There is no life outside of him. The wisdom of God tells him that the only way for him to reach us, and the only solution for what is keeping us away from him, is for God (in all his power and wisdom) to die in our place.

Whatever is wise, or smart, or clever, or strong, or talented, or excellent in us is not enough to compete with the love of a cross-shaped God. “For since (in the wisdom of God) the world through its wisdom did not know him, God was pleased, through the foolishness of what was preached, to save those who believe.” (1 Corinthians 1:21)

In Jesus, God came as a servant. Jesus said, “But I am among you as one who serves.” (Luke 22:27) This is what it means to know this God: to know the Jesus of the cross.

The church of Jesus in the Greek city of Corinth was a great church that was forgetting how to live as the children of a cross-shaped God. The church is the body of Christ and Christ is the head of the church; but the body of Christ in Corinth was acting like my body does. My body doesn’t always do what its head tells it to do.

The church in Corinth forgot who they were when the message of the cross first took hold of them. “Brothers, think of what you were when you were called. Not many of you were wise by human standards; not many were influential; not many were of noble birth. But God chose the foolish things of the world to shame the wise; God chose the weak things of the world to shame the strong.” (1 Corinthians 1:26-27) There is something gallant about this; something excellent.

In Christ, the cross-shaped God hung on a real cross as if he were really weak and foolish, and this is how he served us and saved us. This same God called the Corinthian Christians and us to identify with his strange excellence.

We are called to be weak and foolish for the sake of the kingdom of God; or at least to be willing to feel that way. It is what we feel when we are facing our greatest challenges. It is what we feel when are seeking to live out our most important purposes in life.

I bet the best parents often feel weak and foolish in the face of their children. It must happen whether they are getting up in the middle of the night with their babies, or calming a child in the middle of a tantrum, or motivating their teenagers, or praying for their adult children. Surely such parents (in the middle of feeling weak and foolish) pray to say and do the strongest and wisest things.

Weakness and foolishness apply to friendship because (whether you are a child or an adult) friendship can call you to be more than a friend. It can call you to be a servant. How can you help your friend?

A community can make you feel weak and foolish. How do you get people to work together? How do you get people to drop their emotional responses for the sake of what needs to be done? To maintain a community requires people to serve even when (and especially when) their calling makes them feel weak and foolish.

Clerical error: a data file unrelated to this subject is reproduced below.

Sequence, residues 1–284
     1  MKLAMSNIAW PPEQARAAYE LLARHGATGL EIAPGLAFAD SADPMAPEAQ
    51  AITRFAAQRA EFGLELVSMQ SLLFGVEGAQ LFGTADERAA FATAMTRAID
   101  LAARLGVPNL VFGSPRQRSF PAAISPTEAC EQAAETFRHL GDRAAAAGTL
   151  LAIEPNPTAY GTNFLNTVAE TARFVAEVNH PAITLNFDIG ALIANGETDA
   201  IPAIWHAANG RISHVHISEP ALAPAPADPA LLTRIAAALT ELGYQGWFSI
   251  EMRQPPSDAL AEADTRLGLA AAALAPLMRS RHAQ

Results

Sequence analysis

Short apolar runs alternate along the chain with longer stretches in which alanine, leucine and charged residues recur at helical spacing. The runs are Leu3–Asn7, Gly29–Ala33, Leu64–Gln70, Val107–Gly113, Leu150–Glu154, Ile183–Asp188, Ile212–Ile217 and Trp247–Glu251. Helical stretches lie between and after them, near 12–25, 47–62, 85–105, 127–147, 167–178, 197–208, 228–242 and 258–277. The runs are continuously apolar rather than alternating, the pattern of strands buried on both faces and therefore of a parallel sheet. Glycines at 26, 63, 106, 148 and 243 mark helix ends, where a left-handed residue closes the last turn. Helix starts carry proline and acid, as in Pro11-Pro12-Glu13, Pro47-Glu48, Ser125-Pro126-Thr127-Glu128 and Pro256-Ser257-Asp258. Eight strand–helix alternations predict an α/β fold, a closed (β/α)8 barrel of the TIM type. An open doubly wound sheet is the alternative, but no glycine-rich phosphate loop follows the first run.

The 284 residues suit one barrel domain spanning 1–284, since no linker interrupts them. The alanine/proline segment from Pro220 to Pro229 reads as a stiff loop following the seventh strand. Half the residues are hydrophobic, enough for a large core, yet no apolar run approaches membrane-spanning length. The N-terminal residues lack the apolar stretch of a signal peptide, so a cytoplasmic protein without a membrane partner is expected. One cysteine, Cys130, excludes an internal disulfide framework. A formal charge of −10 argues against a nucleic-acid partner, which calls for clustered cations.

The family of the church requires its members and its servants to feel weak and foolish with each other in order to go on acting like real Christians together. The calling of the church makes us feel weak and foolish when we think about how to share and live the message of the cross for the sake of those outside the church.

Family, friendship, community, church and so many other relationships: these are just a few of our special callings. The truth is that all of these callings are part of the good life. In every calling, the cross-shaped life is essential for excellence. The cross-shaped life is how we go the distance when we are tempted to take the easy way instead of the purpose of God.

Paul wrote about going to Corinth “in weakness, and fear, and with much trembling.” (1 Corinthians 2:3) This is because he knew that whatever he said or did among the people there (whether they believed or not) was (in the light of eternity) a matter of life and death. It was a matter of showing the way to life. Paul was no coward, but he took his serving seriously.

Our message is “Christ crucified”. It is about a cross-shaped God. The cross can represent so many of the challenges we don’t want to deal with and, yet, the cross is about love.

It is the love that is extreme enough to make a difference and nurture life. The cross is a message about gratitude and thanks for what love is willing to do. If we are weak and foolish, then we have a God who knows us just as well as he knows himself.

We have a God who will take responsibility for us. We have a God of patience. We have a God whose power and wisdom are perfectly matched to our every need. We have a God of grace revealed on the cross.

The cross is the power and wisdom of God. It is the way that God’s best work gets done in us and through us. This is the key ingredient for the good life. The cross is the real meaning and measure of excellence from God’s point of view.